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Hot stone therapy

The ongoing food fest, Pathar Ke Kebab, brings forth an old Himachali tradition to pull off some splendid Afghani kebabs.

chandigarh Updated: Sep 04, 2012 10:53 IST
Somya Abrol
Somya Abrol
Hindustan Times

Think Chandigarh, Indian cuisine and a place that has been a favourite with citizens for more than two decades, and the answer you're most likely to come up with is Khyber.

As of August 31, Khyber has formally been renamed as Pashtun, owing to the restaurant's emphasis on everything Afghani. To commemorate the same, the restaurant launched its nine-day food fest, Pathar Ke Kebab, which is on till September 8. HT City checked out the menu, and wasn't in the least bit disappointed.

Despite the place being the least bit 'fancy' and in need of a renovation, the restaurant offers everything that a kebab fan can ask for - a succulent centre, a crisp crust, innovation with flavour, and lasting warmth while you knock down those beers. You'd think they'd require some science to devise such a practical solution to every drinker's misery, but, the truth lies, yet again, in going back to the basics.

The kebabs at the fest are being served on stone plates, the same plates that they are cooked on; hence, the name of the festival. These plates, known as 'ankalo', have been a part of the Himachali tradition for centuries because of their quality to retain heat for a considerable amount of time.

Amongst kebabs, we tried out the Khajoori Paneer, Blueberry Chicken, Machali Hara Dhania Ka Kebab and Anardana Aloo. We say kudos for the innovation, and pulling it off so well. The Blueberry Chicken deserves a special mention - the balance between the sweet and savoury is just right.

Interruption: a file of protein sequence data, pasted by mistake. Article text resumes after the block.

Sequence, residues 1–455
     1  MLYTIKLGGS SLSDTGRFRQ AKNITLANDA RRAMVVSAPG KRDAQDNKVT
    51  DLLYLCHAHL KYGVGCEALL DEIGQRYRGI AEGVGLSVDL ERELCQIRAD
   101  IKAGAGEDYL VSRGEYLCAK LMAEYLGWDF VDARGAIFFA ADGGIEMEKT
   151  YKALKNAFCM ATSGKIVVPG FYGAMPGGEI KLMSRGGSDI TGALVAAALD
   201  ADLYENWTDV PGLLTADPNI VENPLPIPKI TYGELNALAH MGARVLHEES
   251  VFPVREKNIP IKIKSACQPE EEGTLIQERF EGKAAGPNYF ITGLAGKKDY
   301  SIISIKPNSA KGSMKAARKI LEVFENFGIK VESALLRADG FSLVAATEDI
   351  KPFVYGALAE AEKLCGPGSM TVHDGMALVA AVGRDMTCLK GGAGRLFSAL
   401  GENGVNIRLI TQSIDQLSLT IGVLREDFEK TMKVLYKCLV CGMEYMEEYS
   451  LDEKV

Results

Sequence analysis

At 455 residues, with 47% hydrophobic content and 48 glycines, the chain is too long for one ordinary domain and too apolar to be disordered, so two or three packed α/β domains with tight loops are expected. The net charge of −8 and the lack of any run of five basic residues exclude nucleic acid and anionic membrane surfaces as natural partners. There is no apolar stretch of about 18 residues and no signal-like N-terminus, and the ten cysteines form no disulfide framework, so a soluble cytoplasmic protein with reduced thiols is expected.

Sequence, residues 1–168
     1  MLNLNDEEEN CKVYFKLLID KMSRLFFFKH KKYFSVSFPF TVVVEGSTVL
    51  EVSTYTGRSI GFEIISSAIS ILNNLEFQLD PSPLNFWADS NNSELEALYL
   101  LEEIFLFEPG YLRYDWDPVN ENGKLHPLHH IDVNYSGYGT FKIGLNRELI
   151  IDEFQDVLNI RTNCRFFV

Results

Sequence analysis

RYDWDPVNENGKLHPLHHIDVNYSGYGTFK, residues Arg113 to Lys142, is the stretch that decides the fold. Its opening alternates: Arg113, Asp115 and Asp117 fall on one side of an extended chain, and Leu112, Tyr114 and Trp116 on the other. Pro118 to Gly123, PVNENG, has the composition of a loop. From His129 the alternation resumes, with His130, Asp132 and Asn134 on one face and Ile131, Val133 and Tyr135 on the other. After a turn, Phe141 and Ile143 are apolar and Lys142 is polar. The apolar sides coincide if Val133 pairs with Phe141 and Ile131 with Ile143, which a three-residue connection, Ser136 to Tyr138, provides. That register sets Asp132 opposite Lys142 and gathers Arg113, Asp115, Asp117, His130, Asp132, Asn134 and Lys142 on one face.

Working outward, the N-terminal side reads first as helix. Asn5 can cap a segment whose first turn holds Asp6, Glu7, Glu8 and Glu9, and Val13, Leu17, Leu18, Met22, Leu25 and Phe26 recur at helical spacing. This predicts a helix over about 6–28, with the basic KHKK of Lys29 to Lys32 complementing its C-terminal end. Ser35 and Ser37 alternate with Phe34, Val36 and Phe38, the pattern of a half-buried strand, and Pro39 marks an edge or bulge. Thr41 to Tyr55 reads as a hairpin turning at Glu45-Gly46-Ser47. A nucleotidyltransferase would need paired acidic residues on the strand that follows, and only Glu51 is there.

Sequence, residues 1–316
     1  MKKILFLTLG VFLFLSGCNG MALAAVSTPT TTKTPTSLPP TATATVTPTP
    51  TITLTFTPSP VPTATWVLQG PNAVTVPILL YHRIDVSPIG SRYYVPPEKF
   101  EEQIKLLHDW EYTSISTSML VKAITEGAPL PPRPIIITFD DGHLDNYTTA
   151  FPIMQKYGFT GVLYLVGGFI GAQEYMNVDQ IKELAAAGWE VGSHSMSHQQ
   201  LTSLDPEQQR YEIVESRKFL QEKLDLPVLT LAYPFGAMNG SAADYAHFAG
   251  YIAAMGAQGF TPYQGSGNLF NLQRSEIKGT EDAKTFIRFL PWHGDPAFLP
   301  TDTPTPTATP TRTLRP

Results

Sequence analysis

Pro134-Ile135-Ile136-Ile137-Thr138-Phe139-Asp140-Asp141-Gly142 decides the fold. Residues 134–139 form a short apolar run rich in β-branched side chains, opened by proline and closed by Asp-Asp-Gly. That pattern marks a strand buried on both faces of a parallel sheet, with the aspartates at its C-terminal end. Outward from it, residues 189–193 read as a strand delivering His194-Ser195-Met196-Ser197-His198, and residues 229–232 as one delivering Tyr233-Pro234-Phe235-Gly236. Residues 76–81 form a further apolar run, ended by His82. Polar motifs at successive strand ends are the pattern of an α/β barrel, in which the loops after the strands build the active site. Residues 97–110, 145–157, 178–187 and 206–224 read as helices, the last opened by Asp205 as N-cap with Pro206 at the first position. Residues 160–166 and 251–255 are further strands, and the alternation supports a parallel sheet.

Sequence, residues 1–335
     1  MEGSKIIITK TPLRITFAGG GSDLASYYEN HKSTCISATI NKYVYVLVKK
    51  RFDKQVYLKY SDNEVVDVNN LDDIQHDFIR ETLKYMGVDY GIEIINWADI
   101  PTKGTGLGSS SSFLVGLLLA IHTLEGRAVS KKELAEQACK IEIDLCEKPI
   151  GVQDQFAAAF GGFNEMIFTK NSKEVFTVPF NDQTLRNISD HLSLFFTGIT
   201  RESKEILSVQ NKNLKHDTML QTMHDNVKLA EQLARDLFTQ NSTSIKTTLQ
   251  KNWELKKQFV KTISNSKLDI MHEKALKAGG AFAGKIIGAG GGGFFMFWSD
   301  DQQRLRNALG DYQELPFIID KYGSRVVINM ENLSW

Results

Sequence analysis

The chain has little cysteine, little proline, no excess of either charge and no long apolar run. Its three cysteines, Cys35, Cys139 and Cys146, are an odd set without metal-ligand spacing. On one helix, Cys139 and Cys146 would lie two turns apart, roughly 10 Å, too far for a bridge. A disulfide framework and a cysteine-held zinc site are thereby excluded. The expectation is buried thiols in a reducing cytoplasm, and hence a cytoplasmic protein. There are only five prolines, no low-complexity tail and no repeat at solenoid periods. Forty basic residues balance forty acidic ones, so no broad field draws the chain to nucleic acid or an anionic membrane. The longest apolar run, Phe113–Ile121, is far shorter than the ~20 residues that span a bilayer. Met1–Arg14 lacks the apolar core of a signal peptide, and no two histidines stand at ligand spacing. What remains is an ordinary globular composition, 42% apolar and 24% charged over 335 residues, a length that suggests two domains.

The main course we tasted consisted of Tawa Vegetable, Paneer Dum Pasanda, Dal Pashtun and Tandoori Roti.

The tawa veggies remind you of the exact ones served at weddings; everyone's favourite, maa ki dal, was packed with that rustic flavour, as always; the paneer, however, was cooked in a white cashew-coconut gravy - not a personal favourite, but might suit some taste buds.

The experience failed to end on a sweet note, literally. We would have liked to wind up with a dessert like phirni, but unfortunately, the restaurant ran out of desserts by the time we were done with dinner.

Restaurant: Pashtun, SCO 333-334, Sector 35-B, Chandigarh

Overview: Since the restaurant has been there for over two decades, Pashtun is hard to miss. A five-minute drive from Sector 17 and a 15-minute drive from the airport. The restaurant also houses a bar, Wild West Pub. So, one can visit with family as well as friends.

Menu: The menu is a mix of north Indian and Afghani cuisines. If you visit during the fest, don't go in for the regular appetisers; opt for the stone kebabs instead.

Ambience: The restaurant's interiors are very basic. In fact, the place could do with a facelift.

Service: The waiters are dressed in uniforms. They are well informed, polite.

Dress code: Casual

HT City recommends: Blueberry Chicken

Cost of a meal for two:
Rs 1,200 (including tax and appetisers)

Hours of operation: 12 pm to 11 pm

Contact: 0172-2607728

ht epaper

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